Refrigerant recovery now a concern in Europe

June 1, 2000
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ESSEN, Germany — As the rapid curtailment of HCFC availability nears, refrigerant recovery has become a major topic in Europe.

As supermarkets on the continent grow in size to start to rival those in the United States, storewide control technology is stirring up a great deal of interest.

Those are just a couple of the trends and industry responses based on the most recent International Trade Fair for Refrigerating and Air Conditioning (IKK) held here.

Some 20,000 attendees saw these and other themes emerge as they walked among the 700 exhibitors over three days in this industrial city in Northwest Germany.

Recovery technology

Refrigerant recovery has not been the high priority in Europe that it was in the United States, because Europe never had the strict vending rules of the U.S. But, with the phaseout of CFCs and HCFCs happening at a faster pace in Europe, the recent IKK show saw a boost in interest in recovery technology.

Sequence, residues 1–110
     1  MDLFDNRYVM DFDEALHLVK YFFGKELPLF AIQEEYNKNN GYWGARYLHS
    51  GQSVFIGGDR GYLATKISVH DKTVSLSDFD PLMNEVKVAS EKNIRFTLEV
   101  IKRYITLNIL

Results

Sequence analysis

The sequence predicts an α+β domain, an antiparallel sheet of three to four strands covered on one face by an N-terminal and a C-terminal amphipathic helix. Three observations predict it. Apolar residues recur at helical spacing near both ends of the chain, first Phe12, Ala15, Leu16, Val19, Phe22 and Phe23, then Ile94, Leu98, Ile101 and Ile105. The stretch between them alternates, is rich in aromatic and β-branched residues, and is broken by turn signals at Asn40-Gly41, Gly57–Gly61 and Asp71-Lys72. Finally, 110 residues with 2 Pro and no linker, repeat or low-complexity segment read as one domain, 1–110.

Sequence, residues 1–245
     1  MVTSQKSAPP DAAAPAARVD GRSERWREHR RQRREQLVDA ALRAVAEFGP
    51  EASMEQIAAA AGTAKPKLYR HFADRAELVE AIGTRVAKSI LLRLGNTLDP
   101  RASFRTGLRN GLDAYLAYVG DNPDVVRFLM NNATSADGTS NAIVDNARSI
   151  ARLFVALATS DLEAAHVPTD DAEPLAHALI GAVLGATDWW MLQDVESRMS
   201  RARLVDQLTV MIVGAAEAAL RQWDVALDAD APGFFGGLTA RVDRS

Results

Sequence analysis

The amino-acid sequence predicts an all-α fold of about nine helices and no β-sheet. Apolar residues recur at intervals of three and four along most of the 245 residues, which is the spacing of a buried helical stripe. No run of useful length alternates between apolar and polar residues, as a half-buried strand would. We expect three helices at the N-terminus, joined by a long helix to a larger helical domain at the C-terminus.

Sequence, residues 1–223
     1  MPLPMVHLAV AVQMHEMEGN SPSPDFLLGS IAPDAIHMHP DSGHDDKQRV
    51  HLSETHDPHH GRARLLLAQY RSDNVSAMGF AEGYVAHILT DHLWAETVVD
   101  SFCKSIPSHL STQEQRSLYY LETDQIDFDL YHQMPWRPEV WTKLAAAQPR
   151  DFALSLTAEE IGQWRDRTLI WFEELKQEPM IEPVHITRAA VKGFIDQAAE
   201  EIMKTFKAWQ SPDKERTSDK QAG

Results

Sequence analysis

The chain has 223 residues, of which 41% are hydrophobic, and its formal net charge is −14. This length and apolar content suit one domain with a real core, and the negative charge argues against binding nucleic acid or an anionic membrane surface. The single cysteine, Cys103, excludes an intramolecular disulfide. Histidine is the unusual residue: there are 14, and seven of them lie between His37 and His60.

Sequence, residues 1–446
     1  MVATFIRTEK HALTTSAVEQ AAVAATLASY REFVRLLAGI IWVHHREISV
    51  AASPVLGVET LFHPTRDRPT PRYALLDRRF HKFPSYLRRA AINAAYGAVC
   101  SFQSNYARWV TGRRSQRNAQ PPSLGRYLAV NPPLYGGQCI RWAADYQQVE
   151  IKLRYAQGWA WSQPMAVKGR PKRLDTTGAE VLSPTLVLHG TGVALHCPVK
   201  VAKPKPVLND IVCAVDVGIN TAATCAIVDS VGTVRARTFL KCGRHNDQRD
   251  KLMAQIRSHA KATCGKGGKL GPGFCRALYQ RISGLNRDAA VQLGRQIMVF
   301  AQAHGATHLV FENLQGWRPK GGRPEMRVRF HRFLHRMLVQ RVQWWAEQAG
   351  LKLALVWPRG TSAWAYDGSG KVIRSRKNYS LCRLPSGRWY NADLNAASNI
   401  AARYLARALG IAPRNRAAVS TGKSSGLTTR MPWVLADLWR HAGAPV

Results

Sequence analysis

Amprobe, for example, featured the Promax line of recovery units, including a new unit designed for recovery of R-410A, an HFC gaining attention as a long-term R-22 alternative. The RG5410hp employs “oilless” technology.

Related refrigerant technology came from TIF, which showed newly designed leak detectors, the XL-1, RX-1, and XP-1; a programmable charging meter, the 9050; and an electronic certified weight scale, the 9010C.

The two United Dominion companies shared booth space at the expo and had material supplied through Amprobe Test Measurement GmbH. At the expo, it was reported that Hermann Hinterhauser has been named president of both Amprobe/Promax and TIF Instruments.

In a related development, it was announced that the production of Amprobe products is being moved from Lynbrook, NY, to the TIF facility in Miami, FL.

CPS Products Inc. focused on its Pro-Set line of refrigerant recovery equipment, which is designed to automatically recover both liquid and vapor refrigerant. The company also showed its version of ultraviolet leak detection billed as “Moonlight.”

Leybold Inficon, which had introduced recovery equipment early in 1999, used the IKK show to feature its Wey-Tek charging scale, D-Tek refrigerant leak detector, and Tek-Mate portable leak detector.